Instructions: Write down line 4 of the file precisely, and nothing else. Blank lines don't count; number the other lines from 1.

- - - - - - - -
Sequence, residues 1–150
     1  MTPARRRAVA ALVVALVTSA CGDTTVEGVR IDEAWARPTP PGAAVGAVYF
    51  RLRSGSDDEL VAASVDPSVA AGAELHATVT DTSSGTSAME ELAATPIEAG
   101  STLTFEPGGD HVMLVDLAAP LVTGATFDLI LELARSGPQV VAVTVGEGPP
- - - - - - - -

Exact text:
   101  STLTFEPGGD HVMLVDLAAP LVTGATFDLI LELARSGPQV VAVTVGEGPP